Conscience is that part of our mind that provides our moral compass. Now, morals have to do with societal norms and standards. And norms have a habit of changing over time. Still, some values and principles have long endured. That’s because they’ve proven their social merit. Forming a good conscience is largely about taking these timeless values and principles to heart. First, we bother to learn and understand them. Then, we freely make them a part of our overall belief system. It’s this belief system that guides our social behavior.
Conscience and Character
Character disturbance largely results from poor conscience formation. And there are many factors that can contribute to this. However, to fully understand these factors we first have to overcome some misconceptions.
For a long time, we thought everyone had a conscience. In fact, many thought a sense of right and wrong was innate – simply built into all of us. Accordingly, we believed that even the seriously character disturbed among us had some sense of right and wrong. So, what made them behave so badly? Well, we also thought them too quick to unconsciously employ various primitive defenses to escape pangs of guilt and shame. (The ego defenses of denial and rationalization being principal among them.) Today we know better. Sadly, some folks simply don’t have much of an internal ethical guide.
Why don’t some folks develop a good moral compass? Why do they so often do bad things to themselves and, especially, to others? The underlying reasons vary. In some cases, superego development wasn’t nurtured very well. In other cases, trauma arrested its development. Some folks are predisposed to actively resist (i.e. fight) the socialization process. (See: Aggressive Personalities.) Moreover, in extreme cases the very capacity to form a good conscience is lacking or even absent. This is hard to accept. But there’s solid research to back it up.
As I assert in all my books, workshops, and other writings, character disturbance exists along a continuum. Accordingly, the more lacking in conscience a person is, the more character-impaired they’re likely to be.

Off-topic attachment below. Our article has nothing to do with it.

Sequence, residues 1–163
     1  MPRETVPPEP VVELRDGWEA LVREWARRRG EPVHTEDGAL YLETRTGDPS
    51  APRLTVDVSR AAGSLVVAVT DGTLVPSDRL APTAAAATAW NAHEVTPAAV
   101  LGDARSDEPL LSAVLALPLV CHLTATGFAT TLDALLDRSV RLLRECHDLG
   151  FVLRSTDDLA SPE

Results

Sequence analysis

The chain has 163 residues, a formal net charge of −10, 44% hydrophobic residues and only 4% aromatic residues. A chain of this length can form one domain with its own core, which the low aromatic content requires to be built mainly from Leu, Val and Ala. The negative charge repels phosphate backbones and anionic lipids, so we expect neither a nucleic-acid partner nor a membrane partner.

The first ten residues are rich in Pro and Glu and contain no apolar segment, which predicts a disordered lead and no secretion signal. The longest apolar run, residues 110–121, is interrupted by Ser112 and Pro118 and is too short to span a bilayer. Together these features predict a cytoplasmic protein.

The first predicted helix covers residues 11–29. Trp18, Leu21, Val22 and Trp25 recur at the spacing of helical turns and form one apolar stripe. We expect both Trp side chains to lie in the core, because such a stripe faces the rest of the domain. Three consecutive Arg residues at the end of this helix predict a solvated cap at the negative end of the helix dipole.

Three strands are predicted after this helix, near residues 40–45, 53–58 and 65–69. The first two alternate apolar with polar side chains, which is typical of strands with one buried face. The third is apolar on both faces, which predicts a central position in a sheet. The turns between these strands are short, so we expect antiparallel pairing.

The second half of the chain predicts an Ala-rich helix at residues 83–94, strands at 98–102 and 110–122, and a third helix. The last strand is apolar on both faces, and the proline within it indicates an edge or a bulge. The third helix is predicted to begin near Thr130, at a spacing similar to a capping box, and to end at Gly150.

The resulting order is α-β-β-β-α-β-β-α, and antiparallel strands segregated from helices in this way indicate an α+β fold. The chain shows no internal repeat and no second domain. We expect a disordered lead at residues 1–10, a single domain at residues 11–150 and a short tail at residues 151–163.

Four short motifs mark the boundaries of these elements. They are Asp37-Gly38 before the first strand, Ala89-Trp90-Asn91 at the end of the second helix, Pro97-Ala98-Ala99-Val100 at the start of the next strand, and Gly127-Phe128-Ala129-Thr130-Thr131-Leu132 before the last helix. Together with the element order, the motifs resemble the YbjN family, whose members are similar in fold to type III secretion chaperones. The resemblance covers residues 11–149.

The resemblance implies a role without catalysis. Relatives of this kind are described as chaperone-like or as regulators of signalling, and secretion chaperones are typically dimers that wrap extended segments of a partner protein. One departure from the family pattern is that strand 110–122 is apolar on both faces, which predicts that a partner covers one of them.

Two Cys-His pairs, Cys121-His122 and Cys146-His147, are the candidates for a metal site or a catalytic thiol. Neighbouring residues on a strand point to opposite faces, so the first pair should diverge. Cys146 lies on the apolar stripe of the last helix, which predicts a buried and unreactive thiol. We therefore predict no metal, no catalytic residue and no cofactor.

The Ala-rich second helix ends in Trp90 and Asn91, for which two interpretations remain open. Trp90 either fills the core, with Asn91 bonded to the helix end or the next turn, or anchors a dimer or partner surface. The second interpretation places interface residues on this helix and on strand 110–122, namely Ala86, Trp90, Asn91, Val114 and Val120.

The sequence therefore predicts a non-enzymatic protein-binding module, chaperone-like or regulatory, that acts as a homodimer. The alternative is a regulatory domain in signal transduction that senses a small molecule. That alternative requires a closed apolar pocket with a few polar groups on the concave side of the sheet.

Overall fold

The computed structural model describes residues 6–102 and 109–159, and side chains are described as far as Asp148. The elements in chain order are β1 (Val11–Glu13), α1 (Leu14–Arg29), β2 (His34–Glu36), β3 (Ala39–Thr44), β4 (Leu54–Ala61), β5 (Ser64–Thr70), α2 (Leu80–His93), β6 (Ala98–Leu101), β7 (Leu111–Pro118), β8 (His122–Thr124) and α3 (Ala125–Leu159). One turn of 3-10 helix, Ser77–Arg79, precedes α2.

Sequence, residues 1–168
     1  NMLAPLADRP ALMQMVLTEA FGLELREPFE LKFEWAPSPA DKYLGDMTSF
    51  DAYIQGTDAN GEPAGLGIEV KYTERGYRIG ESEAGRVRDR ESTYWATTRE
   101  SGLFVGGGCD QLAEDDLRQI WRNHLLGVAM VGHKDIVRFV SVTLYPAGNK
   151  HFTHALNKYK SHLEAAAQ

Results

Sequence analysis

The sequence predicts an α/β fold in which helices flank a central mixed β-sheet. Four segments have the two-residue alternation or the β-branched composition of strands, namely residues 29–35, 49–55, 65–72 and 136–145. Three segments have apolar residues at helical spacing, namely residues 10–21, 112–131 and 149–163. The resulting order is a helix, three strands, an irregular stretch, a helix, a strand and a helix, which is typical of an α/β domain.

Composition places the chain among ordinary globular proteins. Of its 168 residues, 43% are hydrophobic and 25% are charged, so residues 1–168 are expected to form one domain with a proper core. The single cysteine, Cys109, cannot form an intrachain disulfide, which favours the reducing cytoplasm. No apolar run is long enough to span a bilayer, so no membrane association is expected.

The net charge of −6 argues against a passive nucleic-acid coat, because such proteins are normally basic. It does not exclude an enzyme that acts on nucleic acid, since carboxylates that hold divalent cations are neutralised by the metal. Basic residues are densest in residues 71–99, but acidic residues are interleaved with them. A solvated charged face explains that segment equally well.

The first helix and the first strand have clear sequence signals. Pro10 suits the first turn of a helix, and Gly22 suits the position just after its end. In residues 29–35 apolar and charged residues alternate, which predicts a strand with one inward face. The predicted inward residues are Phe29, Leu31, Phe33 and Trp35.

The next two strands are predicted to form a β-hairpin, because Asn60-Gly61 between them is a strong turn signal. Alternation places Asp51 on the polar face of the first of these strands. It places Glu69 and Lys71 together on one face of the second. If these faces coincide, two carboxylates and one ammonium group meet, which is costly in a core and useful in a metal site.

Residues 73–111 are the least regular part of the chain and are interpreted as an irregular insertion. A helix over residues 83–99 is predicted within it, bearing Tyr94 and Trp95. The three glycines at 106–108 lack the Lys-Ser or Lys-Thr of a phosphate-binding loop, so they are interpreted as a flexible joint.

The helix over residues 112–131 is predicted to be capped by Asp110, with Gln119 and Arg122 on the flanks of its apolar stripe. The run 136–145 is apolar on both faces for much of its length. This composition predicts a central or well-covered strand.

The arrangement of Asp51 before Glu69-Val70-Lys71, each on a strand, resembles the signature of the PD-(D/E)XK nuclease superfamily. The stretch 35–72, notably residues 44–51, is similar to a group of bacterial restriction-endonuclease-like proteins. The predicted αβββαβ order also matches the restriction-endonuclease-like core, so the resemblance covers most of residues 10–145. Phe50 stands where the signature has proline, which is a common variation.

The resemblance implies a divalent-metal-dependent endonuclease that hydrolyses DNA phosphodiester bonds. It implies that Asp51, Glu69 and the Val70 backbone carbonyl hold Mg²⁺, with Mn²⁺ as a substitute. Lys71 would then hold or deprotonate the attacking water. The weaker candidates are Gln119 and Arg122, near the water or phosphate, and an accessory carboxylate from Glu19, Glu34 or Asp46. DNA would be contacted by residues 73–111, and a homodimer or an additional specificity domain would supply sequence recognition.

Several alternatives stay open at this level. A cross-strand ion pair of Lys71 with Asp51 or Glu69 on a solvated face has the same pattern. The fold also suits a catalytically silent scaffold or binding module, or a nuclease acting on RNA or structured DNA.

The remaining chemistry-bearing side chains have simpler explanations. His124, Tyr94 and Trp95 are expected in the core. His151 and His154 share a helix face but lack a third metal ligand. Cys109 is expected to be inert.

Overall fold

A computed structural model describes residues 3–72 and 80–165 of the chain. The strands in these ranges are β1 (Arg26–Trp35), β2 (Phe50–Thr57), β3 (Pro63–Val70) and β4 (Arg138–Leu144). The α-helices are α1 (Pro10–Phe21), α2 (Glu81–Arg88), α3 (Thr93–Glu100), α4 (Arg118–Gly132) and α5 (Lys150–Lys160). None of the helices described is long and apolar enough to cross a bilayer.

Conscientiousness is mindfulness guided by conscience. I’ve written about mindfulness before. (See, for example: Self-Mastery Requires Mindfulness.) It plays a key role in learning control over your impulses. (See also: Thinking First, Impulse Control, and Mindfulness and Mindfulness through Empathy.) Conscientious folks exercise diligence and self-discipline. They’re not just mindful about the things they do. Their values drive them to do the more noble thing.
You can be too conscientious. That’s the case with the folks I describe in Character Disturbance as neurotic. Overly conscientiousness folks are mindful individuals with overactive or even oppressive consciences. They put all sorts of undue pressure on themselves. Consequently, they end up quite anxious and miserable.
Character-impaired folks aren’t mindful and they lack conscience, too. Consequently, they’re not very conscientious at all. They not only act on impulse but do so without reservation. Sometimes, they can experience some after-the-fact regret. That is, when their behavior has cost them enough. But that doesn’t keep them from acting irresponsibly again.
Disturbed characters know how to spot the conscientious. And they’re eager to exploit and abuse them. Sadly, sometimes overly conscientious folks delude themselves. They think they can “fix” the morally broken among us.
A Not Uncommon Scenario
A woman once told me she simply had to take charge of the bills because her husband “never learned” the importance of paying them. And she believed if she set a good model, in time, he’d learn. In fact, he always knew that if the electric bill weren’t paid, the power might go off. (He’d experienced that many times before.) But he also knew how conscientious his wife was. He knew she’d be sure the money was there and that the bill was paid on time. And he was happy to let her shoulder all the household responsibilities. That left him free to go about his daily business of self-gratification and indulgence. The problem was never that he was unaware. The problem was that he didn’t care. He didn’t have to. In her over-conscientiousness, she did all the caring for everyone.
Responsible characters have mastery over their appetites and aversions. And they’re mindful, value-driven folks who voluntarily exert control over their impulses. To do both of the aforementioned things requires that we properly exercise our will. And that’s next “commandment” of good character we’ll begin discussing next week.
Check out the two new additions to the 2019 workshop schedule on the seminars & workshops page.